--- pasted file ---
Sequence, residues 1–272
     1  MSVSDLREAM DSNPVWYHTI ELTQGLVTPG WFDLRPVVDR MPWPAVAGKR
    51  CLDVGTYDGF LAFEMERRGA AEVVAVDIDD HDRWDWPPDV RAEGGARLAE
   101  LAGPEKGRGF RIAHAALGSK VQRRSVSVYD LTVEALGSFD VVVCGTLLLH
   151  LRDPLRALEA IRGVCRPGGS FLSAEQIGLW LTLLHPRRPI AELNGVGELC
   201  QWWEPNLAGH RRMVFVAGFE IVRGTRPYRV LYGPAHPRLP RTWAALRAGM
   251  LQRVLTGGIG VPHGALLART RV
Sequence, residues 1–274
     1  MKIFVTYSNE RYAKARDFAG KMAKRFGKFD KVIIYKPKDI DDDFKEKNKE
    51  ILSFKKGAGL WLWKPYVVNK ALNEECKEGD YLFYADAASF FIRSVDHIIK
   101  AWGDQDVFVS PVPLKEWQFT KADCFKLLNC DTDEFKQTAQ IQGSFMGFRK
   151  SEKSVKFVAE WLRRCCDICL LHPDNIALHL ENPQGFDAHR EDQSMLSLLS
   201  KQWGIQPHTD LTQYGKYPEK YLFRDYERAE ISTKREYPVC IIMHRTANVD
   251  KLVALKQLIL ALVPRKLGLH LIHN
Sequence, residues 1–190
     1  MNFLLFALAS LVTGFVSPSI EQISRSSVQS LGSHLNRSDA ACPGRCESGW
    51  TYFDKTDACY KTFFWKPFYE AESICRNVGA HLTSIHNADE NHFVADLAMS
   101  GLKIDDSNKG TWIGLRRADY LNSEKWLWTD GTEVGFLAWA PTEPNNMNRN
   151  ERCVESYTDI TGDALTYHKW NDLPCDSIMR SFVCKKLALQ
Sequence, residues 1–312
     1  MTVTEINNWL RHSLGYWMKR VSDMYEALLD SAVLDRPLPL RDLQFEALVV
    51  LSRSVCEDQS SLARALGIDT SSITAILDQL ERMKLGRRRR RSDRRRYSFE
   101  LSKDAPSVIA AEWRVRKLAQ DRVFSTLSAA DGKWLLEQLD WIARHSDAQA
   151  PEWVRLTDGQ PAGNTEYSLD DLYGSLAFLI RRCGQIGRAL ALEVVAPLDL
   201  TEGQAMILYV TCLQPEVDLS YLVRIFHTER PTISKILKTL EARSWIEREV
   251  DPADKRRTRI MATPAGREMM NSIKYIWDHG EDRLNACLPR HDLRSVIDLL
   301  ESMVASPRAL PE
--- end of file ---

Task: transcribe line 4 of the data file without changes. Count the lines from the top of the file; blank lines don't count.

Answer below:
   101  LAGPEKGRGF RIAHAALGSK VQRRSVSVYD LTVEALGSFD VVVCGTLLLH